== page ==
Two tablespoons of chia seeds contain 18 percent of the DRI for calcium, 35 percent for phosphorus, 24 percent for magnesium and about 50 percent for manganese. These nutrients help you prevent hypertension and maintain a healthy weight, and are important for energy metabolism and a part of DNA synthesis.
Satiety is the feeling of being full and satisfied, which helps lower food cravings between meals. The combination of protein, fiber and the gelling action of chia seeds when mixed with liquids all contribute to their satiating effects.
Chia seeds contain no gluten or grains. Therefore, all of the nutritional benefits of chia seeds can be obtained on a gluten-free diet.
Unlike flaxseeds, which are also high in omega-3 fatty acids, fiber and minerals, chia seeds do not need to be ground in order to obtain their nutrient or egg-
A study published in the "British Journal of Nutrition" showed that chia seeds as a dietary fat source can lower triglycerides and cholesterol levels while increasing HDL or "good" cholesterol. The study also found that when substituting chia seeds for other fat sources, such as corn oil, the ALA was able to prevent high triglyceride levels and reduce central obesity.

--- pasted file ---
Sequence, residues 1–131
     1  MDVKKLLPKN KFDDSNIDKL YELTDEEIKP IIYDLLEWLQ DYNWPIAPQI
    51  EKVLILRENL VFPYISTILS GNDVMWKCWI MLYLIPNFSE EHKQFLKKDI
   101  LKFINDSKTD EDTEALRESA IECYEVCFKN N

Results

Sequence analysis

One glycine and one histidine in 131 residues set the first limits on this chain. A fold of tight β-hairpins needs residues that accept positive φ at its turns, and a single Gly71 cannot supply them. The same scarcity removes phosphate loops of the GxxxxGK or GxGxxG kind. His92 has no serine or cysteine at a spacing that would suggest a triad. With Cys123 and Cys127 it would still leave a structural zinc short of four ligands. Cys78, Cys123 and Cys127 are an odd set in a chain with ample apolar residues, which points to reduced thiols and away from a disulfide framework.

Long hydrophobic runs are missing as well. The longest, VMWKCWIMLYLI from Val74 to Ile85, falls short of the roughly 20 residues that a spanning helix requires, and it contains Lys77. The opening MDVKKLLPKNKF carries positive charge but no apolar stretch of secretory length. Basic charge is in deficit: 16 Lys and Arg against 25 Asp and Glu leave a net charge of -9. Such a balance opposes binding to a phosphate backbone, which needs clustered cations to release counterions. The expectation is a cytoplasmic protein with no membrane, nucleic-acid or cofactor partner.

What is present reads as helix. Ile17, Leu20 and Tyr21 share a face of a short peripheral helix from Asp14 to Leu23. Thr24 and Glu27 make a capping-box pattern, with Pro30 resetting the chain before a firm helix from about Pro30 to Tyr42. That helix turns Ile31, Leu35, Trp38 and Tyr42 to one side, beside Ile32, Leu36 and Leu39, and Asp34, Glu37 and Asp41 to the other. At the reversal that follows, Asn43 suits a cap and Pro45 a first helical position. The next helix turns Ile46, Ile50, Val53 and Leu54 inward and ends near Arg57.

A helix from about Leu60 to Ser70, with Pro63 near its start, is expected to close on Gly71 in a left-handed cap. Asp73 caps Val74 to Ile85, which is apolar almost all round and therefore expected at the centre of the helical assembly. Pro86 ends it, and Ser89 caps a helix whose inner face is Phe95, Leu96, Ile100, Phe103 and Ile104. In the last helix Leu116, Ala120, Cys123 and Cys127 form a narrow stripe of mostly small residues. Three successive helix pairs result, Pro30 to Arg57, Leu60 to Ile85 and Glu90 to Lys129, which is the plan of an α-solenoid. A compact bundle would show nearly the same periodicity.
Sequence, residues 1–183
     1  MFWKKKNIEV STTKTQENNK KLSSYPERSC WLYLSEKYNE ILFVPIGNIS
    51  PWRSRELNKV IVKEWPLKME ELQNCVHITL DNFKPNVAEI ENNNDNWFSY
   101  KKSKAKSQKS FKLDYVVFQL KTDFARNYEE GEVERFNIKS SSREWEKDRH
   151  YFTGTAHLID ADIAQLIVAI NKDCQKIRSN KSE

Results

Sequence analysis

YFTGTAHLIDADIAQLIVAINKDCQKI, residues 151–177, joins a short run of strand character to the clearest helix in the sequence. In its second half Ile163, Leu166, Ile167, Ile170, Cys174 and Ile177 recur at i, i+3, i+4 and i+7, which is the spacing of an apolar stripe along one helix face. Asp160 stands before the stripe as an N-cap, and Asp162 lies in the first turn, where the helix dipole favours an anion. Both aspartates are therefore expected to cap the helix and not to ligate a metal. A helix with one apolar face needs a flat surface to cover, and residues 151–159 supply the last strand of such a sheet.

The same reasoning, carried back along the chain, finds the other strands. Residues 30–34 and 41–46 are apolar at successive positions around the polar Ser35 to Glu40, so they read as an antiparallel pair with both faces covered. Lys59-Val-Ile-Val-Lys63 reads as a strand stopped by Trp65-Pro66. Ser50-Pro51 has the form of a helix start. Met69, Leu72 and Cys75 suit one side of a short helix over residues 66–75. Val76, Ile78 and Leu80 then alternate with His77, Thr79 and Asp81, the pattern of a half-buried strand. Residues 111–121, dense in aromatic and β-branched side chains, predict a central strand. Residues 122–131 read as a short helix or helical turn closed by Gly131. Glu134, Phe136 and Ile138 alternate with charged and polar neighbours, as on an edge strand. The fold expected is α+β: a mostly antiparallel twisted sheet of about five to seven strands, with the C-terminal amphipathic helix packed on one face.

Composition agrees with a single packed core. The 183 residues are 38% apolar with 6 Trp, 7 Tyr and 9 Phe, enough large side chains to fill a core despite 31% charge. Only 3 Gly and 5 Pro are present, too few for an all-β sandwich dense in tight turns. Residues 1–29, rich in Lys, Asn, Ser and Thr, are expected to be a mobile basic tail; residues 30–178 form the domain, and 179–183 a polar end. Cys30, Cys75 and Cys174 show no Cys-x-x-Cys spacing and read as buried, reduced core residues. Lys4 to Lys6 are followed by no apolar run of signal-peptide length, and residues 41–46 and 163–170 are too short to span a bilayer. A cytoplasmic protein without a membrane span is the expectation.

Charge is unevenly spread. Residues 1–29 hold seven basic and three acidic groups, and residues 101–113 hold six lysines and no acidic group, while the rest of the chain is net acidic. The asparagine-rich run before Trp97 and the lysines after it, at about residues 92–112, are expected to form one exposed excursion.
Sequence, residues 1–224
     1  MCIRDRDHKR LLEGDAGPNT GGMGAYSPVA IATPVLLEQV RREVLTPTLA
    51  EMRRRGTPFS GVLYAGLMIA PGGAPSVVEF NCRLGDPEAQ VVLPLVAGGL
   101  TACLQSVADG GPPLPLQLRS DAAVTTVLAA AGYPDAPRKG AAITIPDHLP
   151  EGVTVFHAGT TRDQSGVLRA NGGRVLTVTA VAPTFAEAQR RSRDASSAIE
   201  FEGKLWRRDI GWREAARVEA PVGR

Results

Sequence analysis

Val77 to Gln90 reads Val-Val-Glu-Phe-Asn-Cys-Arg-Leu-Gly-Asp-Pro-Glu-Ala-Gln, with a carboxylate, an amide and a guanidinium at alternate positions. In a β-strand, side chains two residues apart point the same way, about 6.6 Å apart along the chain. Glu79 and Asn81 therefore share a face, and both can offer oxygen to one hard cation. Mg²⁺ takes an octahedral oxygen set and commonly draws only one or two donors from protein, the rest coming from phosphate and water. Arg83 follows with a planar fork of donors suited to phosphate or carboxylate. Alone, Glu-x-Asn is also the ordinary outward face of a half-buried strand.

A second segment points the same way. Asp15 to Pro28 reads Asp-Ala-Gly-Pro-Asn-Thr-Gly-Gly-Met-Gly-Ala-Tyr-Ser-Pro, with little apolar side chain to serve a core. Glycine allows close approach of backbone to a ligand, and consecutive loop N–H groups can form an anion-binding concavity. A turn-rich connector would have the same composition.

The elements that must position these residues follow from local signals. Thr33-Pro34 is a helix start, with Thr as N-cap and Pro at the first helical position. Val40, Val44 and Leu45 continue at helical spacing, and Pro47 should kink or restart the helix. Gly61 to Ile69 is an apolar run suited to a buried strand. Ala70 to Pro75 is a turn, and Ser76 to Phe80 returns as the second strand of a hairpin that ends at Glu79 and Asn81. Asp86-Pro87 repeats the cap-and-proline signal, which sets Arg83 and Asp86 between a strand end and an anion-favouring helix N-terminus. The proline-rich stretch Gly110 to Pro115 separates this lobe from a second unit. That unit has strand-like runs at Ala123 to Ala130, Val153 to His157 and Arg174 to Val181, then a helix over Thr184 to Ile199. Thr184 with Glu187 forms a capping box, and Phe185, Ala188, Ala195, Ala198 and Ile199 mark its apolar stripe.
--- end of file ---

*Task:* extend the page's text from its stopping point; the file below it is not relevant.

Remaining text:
Chia seeds can play an important role in regulating insulin levels. They can reduce insulin resistance and decrease abnormally high levels of insulin in the blood.
Cloves contain a compound called Eugenol, which may benefit and protect the heart due to anti-inflammatory properties.
Dates are high in fiber and K (potassium). The high fiber content of dates makes them a great food to support superior gut health, prevent or treat constipation, and some studies even show that dates are beneficial in preventing certain types of cancer due to their high vitamin and mineral (antioxidant) content.
Cinnamon has been used to alleviate indigestion, stomach cramps, intestinal spasms, nausea, and flatulence, and to improve the appetite, and treat diarrhea.
A number of additional medicinal properties have been reported for cinnamon. In folk medicine it was used for treating rheumatism and other inflammations. Its mild anti-inflammatory, anti-spasmodic, and anti-clotting properties are believed to be due to its content of cinnamaldehyde (Winston Craig, MPH, PhD, RD. http://www.vegetarian-nutrition.info/herbs/cinnamon.php) .